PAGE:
She rubbed her eyes, fighting déjà vu. Hadn’t she just been poked awake by pixies a few hours ago? 

Once again finger-sized pixies thronged around her sleeping mat, but this time instead of flori, they were all foli, autumnal pixies, mostly Orange, Yellow and Red. The slender girls wore crunchy skirts of fall leaves, and the boys caps and shields made from acorn tops and walnut shells. Kinnaras, bird-winged sprites, feathered like robins, jays, cardinals, tanagers and finches fluttered nearby as well.

“We want to sleep too,” complained the foli. “It’s coming on our nap season. But the Orange Lady has altered the song, and the music is calling us back to the trees. We already painted the leaves in gold and scarlet this year—are we to do so twice in one turn?”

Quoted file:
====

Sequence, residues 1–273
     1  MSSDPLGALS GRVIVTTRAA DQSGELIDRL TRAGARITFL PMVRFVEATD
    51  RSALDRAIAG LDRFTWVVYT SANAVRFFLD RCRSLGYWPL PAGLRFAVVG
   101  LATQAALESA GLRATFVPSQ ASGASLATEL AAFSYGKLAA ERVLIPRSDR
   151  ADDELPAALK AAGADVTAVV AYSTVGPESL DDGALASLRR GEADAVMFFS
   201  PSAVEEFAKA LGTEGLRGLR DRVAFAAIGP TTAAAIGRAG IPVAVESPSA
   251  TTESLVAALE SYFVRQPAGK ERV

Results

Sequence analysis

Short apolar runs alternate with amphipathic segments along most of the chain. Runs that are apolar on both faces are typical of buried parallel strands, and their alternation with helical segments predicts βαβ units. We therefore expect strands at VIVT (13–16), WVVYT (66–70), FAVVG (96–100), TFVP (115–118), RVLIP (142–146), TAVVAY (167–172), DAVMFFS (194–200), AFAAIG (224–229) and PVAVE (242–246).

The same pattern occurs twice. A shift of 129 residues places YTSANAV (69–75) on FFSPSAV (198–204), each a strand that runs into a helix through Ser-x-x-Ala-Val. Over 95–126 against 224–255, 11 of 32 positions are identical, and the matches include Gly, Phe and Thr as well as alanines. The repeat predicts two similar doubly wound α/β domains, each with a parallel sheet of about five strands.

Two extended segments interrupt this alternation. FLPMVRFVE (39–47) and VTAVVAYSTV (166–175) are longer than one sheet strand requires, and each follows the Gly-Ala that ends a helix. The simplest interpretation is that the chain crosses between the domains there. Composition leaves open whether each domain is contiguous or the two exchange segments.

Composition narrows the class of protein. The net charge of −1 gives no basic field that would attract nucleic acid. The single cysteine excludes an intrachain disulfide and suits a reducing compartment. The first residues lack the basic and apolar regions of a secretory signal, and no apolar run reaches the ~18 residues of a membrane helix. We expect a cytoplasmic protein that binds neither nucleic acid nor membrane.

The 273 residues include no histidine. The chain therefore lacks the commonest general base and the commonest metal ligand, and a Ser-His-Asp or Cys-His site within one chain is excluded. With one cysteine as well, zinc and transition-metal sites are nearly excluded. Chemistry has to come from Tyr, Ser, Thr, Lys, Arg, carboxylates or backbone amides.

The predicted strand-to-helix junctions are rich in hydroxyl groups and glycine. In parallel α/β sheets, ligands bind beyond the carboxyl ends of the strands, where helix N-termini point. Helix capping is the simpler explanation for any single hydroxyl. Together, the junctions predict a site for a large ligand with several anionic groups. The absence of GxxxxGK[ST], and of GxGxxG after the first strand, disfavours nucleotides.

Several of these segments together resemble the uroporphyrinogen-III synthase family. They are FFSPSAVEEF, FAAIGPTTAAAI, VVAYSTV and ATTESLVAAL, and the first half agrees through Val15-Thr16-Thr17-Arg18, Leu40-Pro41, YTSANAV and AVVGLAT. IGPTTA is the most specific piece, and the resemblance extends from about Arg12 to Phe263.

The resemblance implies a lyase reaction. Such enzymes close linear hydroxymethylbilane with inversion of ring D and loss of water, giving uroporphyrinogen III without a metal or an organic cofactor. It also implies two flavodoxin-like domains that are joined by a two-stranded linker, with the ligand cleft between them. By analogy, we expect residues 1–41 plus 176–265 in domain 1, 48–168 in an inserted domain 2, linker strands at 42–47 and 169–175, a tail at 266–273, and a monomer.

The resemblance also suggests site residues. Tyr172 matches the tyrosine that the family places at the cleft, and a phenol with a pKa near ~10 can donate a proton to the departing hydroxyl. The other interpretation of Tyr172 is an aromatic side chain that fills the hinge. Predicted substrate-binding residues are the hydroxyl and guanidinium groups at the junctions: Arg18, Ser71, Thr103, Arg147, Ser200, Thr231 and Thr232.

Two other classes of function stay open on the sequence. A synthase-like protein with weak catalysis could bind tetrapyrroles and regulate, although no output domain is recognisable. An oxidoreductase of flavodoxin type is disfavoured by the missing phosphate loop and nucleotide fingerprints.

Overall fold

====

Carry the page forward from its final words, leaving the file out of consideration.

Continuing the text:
“And we,” said the kinnaras, “have been preparing to arrange eggs in nests, but the song has been altered, and we see no eggs in the music now.”

“And I suppose the Aelfae have gone somewhere without me,” Dindi grumbled.

Tremendous snores suggested otherwise. When she sat up she saw the other Aelfae were all asleep—Hest was the source of the bear-like rumblings—except Vessia, who was already gowned and half way out the door. Dindi hastened after her.

Dawn on the mountaintop shuddered under bitter winds. Nothing of the usual vistas could be seen due to a skirt of cloud which had encircled the slopes. Rhythmic thumps indicated the slave women were pounding potatoes, unseen in their huts, but otherwise few people were awake. Some men had passed out drunk around the bonfires the night before and snored on mats arranged around the embers.